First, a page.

by Robert Hillyer
Dim gardens sleep in darkness, quiet trees
Weave their uncertain boughs against the sky;
Out of the prison of a cloud there flees
The fugitive moon, slender and whitely shy.
There is music faltering upon the breeze
Despairing like the phantom of a sigh;
The night dreams deep in loveliness, yet I
Have deeper dreams and lovelier memories.
For I have seen leaping from out the grey
And sombre groves the young Antinous,
Dancing and chanting, vanishing away.
Leaving the passionate gardens tremulous.
O Love! O Laughter! fleet and sinuous,
Full swiftly follows the despondent day.
How wan and weary-eyed the cloudy dawn
Creeps through the mist with sick and halting tread;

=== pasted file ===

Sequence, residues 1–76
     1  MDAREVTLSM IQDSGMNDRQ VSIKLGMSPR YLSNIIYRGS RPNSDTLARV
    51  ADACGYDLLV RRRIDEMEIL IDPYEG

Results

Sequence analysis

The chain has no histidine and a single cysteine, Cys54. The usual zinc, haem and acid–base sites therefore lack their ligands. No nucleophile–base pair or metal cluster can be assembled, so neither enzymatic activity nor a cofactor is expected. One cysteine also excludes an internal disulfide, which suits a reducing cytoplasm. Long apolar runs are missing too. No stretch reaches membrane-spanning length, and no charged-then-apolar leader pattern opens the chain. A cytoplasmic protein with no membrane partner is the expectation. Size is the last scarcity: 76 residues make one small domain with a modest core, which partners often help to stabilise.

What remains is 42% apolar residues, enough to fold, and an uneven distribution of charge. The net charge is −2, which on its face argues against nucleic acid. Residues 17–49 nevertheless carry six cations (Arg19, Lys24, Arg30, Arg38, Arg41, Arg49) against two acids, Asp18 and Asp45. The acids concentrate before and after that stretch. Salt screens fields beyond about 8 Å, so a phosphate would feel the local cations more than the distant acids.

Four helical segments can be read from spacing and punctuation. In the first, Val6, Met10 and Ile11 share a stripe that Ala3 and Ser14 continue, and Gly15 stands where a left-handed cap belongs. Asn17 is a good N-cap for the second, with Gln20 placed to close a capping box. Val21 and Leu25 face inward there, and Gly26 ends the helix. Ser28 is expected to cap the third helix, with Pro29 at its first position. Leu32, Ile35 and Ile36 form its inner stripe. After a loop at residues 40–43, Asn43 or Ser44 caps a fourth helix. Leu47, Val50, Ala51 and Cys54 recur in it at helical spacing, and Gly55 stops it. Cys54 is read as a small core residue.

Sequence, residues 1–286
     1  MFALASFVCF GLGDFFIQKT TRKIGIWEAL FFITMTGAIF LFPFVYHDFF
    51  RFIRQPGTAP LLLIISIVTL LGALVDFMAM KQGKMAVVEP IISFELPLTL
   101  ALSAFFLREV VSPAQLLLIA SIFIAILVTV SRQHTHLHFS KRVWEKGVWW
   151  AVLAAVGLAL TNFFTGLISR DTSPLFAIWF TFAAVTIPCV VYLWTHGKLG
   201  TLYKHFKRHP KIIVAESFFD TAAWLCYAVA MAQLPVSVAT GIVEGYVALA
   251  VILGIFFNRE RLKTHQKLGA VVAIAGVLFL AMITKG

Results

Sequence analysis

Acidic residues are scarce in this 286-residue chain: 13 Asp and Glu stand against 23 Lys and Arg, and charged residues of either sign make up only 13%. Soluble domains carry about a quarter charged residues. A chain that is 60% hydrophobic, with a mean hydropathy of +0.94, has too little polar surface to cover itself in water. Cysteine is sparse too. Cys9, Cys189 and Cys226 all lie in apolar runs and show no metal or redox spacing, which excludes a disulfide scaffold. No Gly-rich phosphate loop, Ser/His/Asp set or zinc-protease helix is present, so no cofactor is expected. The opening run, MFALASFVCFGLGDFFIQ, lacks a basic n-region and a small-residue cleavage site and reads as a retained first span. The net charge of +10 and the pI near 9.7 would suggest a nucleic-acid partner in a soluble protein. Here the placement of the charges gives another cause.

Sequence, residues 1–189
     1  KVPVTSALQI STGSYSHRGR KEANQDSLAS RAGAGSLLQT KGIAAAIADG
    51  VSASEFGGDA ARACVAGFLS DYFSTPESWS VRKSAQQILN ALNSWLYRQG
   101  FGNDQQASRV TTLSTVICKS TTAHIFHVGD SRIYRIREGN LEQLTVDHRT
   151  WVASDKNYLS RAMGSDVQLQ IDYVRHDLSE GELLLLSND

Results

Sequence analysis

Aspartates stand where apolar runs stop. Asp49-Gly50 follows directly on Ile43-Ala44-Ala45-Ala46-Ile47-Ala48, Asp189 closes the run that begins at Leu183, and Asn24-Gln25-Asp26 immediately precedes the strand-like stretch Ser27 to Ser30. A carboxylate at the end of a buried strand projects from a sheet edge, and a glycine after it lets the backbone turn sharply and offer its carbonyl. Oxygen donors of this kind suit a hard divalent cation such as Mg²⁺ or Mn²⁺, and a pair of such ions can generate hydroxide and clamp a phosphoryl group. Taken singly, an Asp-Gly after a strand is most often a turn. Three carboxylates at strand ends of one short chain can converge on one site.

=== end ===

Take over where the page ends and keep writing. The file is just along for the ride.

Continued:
The splendour of these wasted bowers is gone,
The old illusion of the dark is dead.
Some godly auspices have been withdrawn,
On high some awful sentence has been said;
See how the garlands rot upon the head
Of yon dispirited and stony faun.
And Adrian’s ship with wild teeth in the foam,
With blazoned pinions to the foggy breeze,
Bears on its decks the mightiest lords of Rome,
Imperial hosts upon disconsolate seas, —
The gods shall spare the majesty of these.
But one white laughing boy returns not home. . . .
Come, let us hasten hence and weep no more,
The sinking sea resumes its tranquil ways,
Night looms expectant at the eastern door
And trails the last cloud into lifeless haze.
Antinous is dead; we kneel before
The portals of our past in vain, nor raise
The laughing phantoms of our yesterdays
Upon this desolate and empty shore.
Now deepening pools of shadow overflow
Into the sea of dark. A far-off bell
Sobs with a sweet vibration, long and slow,
A last farewell, forevermore farewell.
And will he wake and hear? We cannot tell.
And will he answer? Ah, we do not know.